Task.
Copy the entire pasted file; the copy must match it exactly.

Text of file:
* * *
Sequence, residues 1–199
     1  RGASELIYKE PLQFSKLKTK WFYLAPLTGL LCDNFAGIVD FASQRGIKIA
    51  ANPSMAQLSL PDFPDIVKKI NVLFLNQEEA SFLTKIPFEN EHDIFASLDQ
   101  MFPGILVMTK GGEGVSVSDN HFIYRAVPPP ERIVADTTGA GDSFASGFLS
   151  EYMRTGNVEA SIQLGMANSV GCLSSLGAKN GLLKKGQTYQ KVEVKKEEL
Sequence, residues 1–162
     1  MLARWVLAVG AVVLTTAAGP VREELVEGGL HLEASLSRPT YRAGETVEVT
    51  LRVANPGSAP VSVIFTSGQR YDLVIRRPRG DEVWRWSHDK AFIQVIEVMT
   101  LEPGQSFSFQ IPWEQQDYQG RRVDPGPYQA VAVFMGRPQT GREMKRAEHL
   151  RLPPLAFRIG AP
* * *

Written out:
Sequence, residues 1–199
     1  RGASELIYKE PLQFSKLKTK WFYLAPLTGL LCDNFAGIVD FASQRGIKIA
    51  ANPSMAQLSL PDFPDIVKKI NVLFLNQEEA SFLTKIPFEN EHDIFASLDQ
   101  MFPGILVMTK GGEGVSVSDN HFIYRAVPPP ERIVADTTGA GDSFASGFLS
   151  EYMRTGNVEA SIQLGMANSV GCLSSLGAKN GLLKKGQTYQ KVEVKKEEL
Sequence, residues 1–162
     1  MLARWVLAVG AVVLTTAAGP VREELVEGGL HLEASLSRPT YRAGETVEVT
    51  LRVANPGSAP VSVIFTSGQR YDLVIRRPRG DEVWRWSHDK AFIQVIEVMT
   101  LEPGQSFSFQ IPWEQQDYQG RRVDPGPYQA VAVFMGRPQT GREMKRAEHL
   151  RLPPLAFRIG AP